Unsolved: 840 missing person cases active with almost 40,000 reported as missing this last decade
All investigations remain open until the person is found, said Justice Minister Helen McEntee
Top row, from left: Missing persons Annie McCarrick, Barbara Walsh and Deirdre Jacob. Bottom row, from left: Missing persons Jo Jo Dullard, Trevor Deely and Sandra Collins
November 30 2022 02:30 AM
There are 840 unsolved missing persons cases now live on the Garda’s Pulse system, new figures show.
Some of the cases date back decades to when official records started.
In the last decade alone, a total of 38,929 people were reported missing. From 2012 to July 2022, up to 242 of these cases remain unsolved.
However, Justice Minister Helen McEntee said the latest figures, taken in July of this year, showed there were 840 missing persons recorded on Pulse. All such investigations remain open until the person is found, according to Ms McEntee.
The unanswered questions, the experience of watching a little bit of hope fade with each passing year must be unbearable
Among Ireland’s most recognisable missing person cases is that of Trevor Deely (22), the bank worker who vanished as he walked home along Haddington Road, Dublin 4, after a Christmas party on December 8, 2000.
Among the other cases that have eluded gardaí are: New Yorker Annie McCarrick who was last seen on a day trip to Enniskerry in March 1993; Jojo Dullard (21) who was last seen on November 9, 1995, as she hitchhiked from the village of Moone, Co Kildare, to her home in Callan, Co Kilkenny; Sandra Collins (28), who was pregnant when she disappeared in Killala, Co Mayo, in December 2000, and was last seen buying chips at a takeaway; student teacher Deirdre Jacob (18); mother of seven Barbara Walsh (33); and Conor and Sheila Dwyer.
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“A missing person investigation commences when the incident is reported to An Garda Síochána and is constantly reviewed at superintendent level, in the relevant garda district at specific junctures,” Ms McEntee said.
This ensures that “all actions” were being pursued and the “appropriate resources” had been assigned to the investigation.
Aontú leader Peadar Tóibín said there should be better lines of communication between garda districts and branches in solving missing person cases.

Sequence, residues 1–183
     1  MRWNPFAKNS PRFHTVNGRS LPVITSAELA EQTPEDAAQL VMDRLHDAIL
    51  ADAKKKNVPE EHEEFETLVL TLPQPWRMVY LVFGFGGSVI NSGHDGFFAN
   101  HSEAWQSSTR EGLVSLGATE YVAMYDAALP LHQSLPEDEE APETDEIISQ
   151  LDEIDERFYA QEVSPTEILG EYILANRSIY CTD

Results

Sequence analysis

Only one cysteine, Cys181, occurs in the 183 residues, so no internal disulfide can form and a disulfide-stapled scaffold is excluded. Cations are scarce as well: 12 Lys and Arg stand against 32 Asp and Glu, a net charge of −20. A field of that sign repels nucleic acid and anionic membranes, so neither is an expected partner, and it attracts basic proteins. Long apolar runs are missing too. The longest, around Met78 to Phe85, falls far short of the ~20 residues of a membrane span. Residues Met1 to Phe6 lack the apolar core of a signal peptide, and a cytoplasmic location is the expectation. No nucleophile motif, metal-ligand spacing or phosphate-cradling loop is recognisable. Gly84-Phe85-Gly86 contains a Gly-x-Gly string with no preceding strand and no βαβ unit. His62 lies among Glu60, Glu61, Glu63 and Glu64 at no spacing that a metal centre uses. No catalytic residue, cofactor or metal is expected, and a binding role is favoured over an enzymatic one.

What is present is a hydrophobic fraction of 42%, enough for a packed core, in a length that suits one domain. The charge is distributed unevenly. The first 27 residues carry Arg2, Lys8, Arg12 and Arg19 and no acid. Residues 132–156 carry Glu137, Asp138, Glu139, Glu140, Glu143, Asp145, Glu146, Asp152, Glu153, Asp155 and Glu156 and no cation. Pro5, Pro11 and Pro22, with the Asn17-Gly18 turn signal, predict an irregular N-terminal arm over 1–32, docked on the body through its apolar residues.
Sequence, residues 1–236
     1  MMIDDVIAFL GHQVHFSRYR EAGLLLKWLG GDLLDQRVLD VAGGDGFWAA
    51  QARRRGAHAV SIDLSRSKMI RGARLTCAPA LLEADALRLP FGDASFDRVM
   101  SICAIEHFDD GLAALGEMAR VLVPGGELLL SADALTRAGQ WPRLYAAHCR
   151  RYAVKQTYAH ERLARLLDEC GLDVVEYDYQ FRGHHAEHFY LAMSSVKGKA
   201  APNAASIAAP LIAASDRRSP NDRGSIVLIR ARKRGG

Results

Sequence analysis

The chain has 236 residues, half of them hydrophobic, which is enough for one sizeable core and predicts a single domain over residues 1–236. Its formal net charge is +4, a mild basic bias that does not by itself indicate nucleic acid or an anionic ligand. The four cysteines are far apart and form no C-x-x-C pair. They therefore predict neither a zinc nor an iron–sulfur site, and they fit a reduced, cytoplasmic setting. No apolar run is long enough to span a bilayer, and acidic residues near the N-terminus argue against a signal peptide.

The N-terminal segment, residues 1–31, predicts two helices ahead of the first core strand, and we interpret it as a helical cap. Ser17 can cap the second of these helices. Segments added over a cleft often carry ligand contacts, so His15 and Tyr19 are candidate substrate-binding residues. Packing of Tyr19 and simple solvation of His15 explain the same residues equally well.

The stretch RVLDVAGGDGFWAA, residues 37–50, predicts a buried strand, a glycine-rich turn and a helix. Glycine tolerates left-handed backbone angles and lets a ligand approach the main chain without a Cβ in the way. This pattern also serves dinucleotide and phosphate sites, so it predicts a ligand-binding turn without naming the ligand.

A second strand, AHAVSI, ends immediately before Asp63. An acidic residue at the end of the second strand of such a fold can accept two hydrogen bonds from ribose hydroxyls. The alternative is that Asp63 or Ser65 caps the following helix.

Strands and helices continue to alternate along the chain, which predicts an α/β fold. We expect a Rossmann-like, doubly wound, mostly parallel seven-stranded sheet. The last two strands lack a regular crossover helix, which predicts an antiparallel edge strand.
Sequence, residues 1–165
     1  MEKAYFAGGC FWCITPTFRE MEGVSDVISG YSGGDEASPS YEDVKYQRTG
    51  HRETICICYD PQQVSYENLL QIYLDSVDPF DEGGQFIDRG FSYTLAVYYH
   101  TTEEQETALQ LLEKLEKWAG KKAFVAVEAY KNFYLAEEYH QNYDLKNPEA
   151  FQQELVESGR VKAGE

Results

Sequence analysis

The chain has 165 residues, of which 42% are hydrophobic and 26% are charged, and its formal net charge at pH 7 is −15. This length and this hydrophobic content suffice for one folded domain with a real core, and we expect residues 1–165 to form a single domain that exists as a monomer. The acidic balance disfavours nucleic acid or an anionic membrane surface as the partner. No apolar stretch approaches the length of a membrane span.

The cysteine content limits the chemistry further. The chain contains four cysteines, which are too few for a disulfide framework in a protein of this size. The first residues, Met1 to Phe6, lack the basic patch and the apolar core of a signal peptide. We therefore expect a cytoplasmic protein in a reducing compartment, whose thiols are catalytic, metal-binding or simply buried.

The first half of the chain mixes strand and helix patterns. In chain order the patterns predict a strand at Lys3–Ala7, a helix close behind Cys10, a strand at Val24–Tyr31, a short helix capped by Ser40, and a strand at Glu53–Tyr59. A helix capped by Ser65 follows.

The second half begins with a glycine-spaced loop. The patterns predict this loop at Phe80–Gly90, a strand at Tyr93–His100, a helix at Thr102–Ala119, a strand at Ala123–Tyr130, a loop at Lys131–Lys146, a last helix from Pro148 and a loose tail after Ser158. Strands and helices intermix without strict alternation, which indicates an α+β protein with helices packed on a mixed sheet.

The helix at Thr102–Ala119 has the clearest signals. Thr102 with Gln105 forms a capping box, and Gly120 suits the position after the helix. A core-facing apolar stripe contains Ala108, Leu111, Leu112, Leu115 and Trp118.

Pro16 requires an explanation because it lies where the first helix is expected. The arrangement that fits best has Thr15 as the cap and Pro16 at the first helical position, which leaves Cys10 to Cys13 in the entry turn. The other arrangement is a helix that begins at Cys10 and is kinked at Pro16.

“The pain endured by families of missing persons in many cases is greater than the pain associated with the death of a loved one,” he said.
“The unanswered questions, and the experience of watching a little bit of hope fade with each passing year must be unbearable.”
Figures from the Department of Justice show 97,826 missing person incidents have been reported in the past 10 years.
However, this figure includes individuals who go missing several times a year, and there were 38,929 to ‘unique persons reported missing’ in the decade.
We need a review of cold cases
Mr Tóibín referred to the case of Limerick man Denis Walsh (23), who was declared missing for 25 years, even though his remains were found four weeks after his disappearance.
DNA advances finally allowed identification of his body in 2021 after his elderly parents had spent years searching for their son.
The Meath TD said this case highlighted the “shortfalls” in communication and said gardaí “failed to join the dots”.
“We cannot allow situations like these, and in light of this we need a review of cold cases,” he said.
Ms McEntee – who remains a member of Cabinet while she is on maternity leave and Heather Humphreys stands in as Justice Minister – said she was “deeply conscious” of how hard life was for families of missing people.
“My department is committed to working with all relevant state bodies to help more families find their missing relatives,” she said.